In Long Island Care at Home, Ltd. v. Coke, 549 U.S. 1105 (June 11, 2007), the Supreme Court deferred to the U.S. Department of Labor's interpretation of its own regulations and unanimously held that home care workers employed by third party employers or agencies were exempt from overtime under the "companionship exemption" to the Fair Labor Standards Act.
What Happened Two Years Ago... In Long Island Care at Home, Ltd. v. Coke, 549 U.S. 1105 (June 11, 2007), the Supreme Court deferred to the U.S. Department of Labor's interpretation of its own regulations and unanimously held that home care workers employed by third party employers or agencies were exempt from overtime under the "companionship exemption" to the Fair Labor Standards Act. Coupled with the overtime exemption available to non-profit agencies in New York (where Medicaid funded home care can be 24/7) who had timely filed a Statement of Non-Profitmaking Institutions with the NYS Department of Labor, this fully exempted those agencies, in particular, from overtime pay to home care workers.
What Happened Afterwards… The focus of class or collective overtime actions in the home care industry changed from claims of non-exemption to claims based on an exception to the exemption – home care workers performing general household work for more than 20% of their weekly work hours are not eligible for the exemption. (Despite the fact-specific nature of these claims, our firm recently won a motion to dismiss such a claim on its face, because none of the general household cleaning alleged was unrelated to the care of the client, and no other general household cleaning was performed. Torres v. Ridgewood Bushwick Senior Citizen Home Care Council, Inc. (08-CV-3678, U.S.D.C., E.D.N.Y.) (April 22, 2009)).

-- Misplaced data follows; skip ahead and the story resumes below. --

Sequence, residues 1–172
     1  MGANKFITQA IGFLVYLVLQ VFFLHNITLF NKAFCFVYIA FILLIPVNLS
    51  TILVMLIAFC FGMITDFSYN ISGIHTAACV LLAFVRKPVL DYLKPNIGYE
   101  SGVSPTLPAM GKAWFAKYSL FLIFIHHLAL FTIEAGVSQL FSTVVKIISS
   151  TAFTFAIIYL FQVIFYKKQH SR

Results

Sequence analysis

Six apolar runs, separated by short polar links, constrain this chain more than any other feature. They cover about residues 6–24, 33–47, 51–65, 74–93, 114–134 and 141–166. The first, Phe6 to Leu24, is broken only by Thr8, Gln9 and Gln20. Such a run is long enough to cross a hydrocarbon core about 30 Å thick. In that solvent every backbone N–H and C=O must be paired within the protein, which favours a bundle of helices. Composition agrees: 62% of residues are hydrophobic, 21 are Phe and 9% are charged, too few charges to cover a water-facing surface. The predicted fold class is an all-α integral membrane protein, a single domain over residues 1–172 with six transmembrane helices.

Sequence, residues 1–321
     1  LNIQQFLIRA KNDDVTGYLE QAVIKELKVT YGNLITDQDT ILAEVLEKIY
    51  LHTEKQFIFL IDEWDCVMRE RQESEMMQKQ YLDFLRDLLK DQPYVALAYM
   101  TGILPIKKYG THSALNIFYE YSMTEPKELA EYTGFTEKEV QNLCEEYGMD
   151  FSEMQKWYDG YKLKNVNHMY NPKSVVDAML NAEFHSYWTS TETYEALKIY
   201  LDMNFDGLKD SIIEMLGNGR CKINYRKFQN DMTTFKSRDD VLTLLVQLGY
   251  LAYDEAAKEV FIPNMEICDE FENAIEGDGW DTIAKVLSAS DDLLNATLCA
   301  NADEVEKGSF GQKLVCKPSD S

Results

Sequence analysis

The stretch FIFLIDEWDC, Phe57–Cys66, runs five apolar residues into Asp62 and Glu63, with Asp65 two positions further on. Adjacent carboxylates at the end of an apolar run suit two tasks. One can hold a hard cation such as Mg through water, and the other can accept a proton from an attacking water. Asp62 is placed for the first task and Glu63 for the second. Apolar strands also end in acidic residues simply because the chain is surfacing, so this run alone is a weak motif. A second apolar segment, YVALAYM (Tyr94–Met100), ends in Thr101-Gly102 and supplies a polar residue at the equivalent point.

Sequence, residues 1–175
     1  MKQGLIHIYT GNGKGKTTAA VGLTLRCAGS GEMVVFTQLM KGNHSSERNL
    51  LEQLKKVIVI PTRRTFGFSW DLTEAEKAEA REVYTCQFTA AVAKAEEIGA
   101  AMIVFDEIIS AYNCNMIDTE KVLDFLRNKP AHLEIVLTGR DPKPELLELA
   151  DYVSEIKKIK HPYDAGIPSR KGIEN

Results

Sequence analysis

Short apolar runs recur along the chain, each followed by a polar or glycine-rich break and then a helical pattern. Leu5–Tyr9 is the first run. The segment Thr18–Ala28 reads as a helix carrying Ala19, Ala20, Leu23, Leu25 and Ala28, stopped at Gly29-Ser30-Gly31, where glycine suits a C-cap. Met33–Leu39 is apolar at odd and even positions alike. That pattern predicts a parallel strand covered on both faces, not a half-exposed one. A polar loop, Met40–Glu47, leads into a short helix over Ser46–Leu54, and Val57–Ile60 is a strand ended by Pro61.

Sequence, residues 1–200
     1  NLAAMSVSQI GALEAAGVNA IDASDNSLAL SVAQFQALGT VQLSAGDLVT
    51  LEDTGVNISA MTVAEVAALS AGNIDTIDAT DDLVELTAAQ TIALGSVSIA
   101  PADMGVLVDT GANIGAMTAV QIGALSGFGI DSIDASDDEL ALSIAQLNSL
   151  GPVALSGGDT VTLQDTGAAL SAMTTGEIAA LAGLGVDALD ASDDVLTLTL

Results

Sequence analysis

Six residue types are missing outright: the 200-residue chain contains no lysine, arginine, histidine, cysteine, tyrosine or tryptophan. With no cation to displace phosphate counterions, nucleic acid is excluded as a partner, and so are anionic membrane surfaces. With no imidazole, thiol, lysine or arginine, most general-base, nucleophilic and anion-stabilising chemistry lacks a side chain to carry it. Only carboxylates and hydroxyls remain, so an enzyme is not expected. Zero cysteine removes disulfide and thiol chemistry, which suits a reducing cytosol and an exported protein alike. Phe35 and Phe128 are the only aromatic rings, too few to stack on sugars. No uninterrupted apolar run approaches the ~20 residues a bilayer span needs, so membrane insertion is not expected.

What Is Happening Now... On June 11, 2009 a group of fifteen Democratic Senators led by Sen. Tom Harkin urged U.S. Secretary of Labor Hilda Solis to alter or reinterpret the companionship exemption so that it would not apply to workers who are employed by an employer or agency other than the family or household using their services. The press reported the following day that Solis shared the lawmakers' concerns: "I intend to fulfill the department's mandate to protect America's workers, including home health care aides, who work demanding work schedules and receive low wages," she said.
How This Affects Your Agency... If the U.S. Department of Labor were to alter or reinterpret the companionship exemption to exclude third party employers and agencies, overtime would be required for their home care workers. Overtime litigation would likely increase, with additional claims, as well, for travel time between assignments, meal periods when the worker is not completely relieved of duties, waiting time when it is part of a worker's job responsibilities, on-call time, training time, and sleeping time when the worker does not receive at least five hours of sleep during a scheduled sleep period.
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